Thursday, 28 January 2016

Revolutionising the productivity of the knowledge worker 2 - knowledge automation

Yesterday I blogged about the challenge to revolutionise the productivity of the knowledge worker, and how the first step was the division of knowledge. The second step is the automation of knowledge work. 

Image from wikipedia commons
Automation was one of the factors that helped revolutionise the productivity of the manual worker.  The blacksmiths hammer was replaced by the hydraulic press, the auger by the electric drill, the wheelbarrow by the forklift truck. Machine power augmented muscle power. Automation, combined with the division of labour, gave us the modern assembly line.

Automation is one area where KM has done well. Perhaps we should say augmentation rather than automation. As Tom Davenport points out, smart technology is not yet replacing humans, but augmenting their power. Much as a hydraulic press augments the metal worker rather than replaces him, smart KM technology augments the knowledge worker, rather than replacing her. 

  • Knowledge bases augment the knowledge worker's memory. Rather than keeping our own notebooks, or trying to remember details of a process or procedure, we can consign it to a knowledge base. And if this is a shared knowledge base, then we have access to the knowledge of many people, rather than just our own.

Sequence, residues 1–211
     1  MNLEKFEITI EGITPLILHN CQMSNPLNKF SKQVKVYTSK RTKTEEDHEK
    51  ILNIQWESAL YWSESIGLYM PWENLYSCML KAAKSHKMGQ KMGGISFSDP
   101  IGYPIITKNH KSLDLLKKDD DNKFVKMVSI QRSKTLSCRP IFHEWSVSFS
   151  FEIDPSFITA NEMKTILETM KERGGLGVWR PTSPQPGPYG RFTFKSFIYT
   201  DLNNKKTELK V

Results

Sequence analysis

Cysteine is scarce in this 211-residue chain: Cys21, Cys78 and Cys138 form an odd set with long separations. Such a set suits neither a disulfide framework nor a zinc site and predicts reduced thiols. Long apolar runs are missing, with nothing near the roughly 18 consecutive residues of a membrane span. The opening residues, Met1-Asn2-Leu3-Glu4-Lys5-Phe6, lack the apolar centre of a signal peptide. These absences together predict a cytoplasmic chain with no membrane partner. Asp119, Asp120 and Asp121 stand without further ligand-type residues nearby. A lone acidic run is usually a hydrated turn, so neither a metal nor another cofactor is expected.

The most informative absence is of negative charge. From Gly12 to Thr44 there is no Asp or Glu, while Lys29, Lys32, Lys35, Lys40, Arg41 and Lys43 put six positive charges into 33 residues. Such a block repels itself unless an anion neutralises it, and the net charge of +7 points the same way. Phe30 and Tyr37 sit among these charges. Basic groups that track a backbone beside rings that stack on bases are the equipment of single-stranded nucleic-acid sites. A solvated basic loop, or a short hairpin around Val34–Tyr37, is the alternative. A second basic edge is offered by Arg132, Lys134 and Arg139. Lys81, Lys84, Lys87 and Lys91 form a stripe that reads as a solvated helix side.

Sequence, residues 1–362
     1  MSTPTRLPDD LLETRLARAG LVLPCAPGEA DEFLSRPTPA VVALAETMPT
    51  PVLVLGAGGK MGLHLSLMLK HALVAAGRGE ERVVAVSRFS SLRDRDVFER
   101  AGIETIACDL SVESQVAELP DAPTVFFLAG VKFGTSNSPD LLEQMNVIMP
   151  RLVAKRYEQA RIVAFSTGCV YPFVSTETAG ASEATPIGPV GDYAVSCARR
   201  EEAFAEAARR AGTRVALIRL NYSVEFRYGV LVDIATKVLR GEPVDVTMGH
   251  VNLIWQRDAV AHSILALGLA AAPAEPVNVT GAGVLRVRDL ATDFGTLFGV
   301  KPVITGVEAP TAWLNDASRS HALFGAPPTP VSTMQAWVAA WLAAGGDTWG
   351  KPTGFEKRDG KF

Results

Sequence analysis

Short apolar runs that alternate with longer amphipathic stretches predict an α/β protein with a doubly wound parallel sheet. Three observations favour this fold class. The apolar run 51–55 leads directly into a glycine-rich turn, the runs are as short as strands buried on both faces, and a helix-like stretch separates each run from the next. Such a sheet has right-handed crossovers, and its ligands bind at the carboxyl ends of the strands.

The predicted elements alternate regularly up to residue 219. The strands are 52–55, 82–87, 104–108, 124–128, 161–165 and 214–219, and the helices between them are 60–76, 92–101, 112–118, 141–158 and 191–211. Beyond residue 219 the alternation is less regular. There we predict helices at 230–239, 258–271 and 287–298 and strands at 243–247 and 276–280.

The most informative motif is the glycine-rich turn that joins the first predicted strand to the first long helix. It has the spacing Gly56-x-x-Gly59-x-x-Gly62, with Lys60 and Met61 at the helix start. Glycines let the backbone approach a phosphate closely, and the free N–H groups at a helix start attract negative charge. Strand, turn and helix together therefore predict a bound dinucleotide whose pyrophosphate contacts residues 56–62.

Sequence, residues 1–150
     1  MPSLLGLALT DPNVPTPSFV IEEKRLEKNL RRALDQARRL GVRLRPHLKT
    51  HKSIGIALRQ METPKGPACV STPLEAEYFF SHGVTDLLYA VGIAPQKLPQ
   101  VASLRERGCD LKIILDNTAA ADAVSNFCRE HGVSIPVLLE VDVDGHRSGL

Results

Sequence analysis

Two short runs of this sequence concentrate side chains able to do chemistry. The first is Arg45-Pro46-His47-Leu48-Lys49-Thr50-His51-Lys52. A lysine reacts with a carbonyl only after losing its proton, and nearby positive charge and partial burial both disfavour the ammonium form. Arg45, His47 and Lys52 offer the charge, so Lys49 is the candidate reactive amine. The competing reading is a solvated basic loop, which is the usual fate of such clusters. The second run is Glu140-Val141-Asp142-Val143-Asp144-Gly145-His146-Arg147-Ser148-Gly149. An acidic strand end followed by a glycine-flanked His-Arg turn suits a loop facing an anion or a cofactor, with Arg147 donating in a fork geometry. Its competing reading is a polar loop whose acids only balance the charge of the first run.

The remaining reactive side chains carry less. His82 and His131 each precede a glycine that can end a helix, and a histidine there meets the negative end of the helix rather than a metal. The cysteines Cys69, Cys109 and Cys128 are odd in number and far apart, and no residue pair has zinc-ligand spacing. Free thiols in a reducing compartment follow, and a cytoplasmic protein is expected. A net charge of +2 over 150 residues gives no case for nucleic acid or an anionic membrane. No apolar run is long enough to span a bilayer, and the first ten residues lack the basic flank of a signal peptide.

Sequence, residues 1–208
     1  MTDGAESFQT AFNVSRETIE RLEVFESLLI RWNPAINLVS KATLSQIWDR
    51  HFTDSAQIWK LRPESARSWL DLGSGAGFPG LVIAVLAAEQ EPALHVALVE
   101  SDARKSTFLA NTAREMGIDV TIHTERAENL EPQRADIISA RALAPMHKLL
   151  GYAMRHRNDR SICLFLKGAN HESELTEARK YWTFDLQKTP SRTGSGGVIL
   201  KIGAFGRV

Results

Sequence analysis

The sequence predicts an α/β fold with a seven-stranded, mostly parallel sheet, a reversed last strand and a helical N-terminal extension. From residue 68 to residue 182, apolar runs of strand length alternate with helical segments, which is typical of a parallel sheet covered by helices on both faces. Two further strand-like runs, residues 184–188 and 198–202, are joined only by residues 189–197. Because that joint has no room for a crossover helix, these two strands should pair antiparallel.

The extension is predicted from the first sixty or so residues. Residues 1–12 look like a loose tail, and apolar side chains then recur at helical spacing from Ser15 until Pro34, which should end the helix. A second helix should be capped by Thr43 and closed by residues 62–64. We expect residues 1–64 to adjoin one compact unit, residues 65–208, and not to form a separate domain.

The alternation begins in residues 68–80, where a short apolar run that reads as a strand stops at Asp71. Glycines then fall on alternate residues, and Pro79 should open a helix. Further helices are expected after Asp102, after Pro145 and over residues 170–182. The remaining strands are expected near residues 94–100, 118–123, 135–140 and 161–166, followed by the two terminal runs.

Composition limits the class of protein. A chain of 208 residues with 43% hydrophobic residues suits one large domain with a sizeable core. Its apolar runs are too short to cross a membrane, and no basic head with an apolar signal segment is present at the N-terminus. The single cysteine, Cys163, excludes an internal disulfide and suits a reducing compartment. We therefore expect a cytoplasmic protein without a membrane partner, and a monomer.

• Search engines augment our power of recall. without significant mental effort, we can retrieve a fact or an image or a process from deep within a knowledge base, thanks to the power of search, be it keyword search or semantic search. 
  • Smart technology can also take the role of a mentor, and suggest knowledge to use when we need it (based on where we are in a process or a task), even before we ask for it.
  • Technology can also augment our personal networks, allowing us to ask not just our immediate colleagues for help and advice, but hundreds or thousands of co-practitioners we may never have met.
  • Technology can augment our ability to communicate, allowing us to hold virtual meetings across continents and timezones.
  • Technology augments our ability to see patterns in vast quantities of data and information, and to apply our knowledge to make sense of these patterns, and use them to support decision making. 
Automation/augmentation is an area where already great strides have been made in helping increase the knowledge workers' productivity. However this is not the only area that needs to be addressed, and tomorrow we will look at the third component, the Knowledge Supply Chain. 

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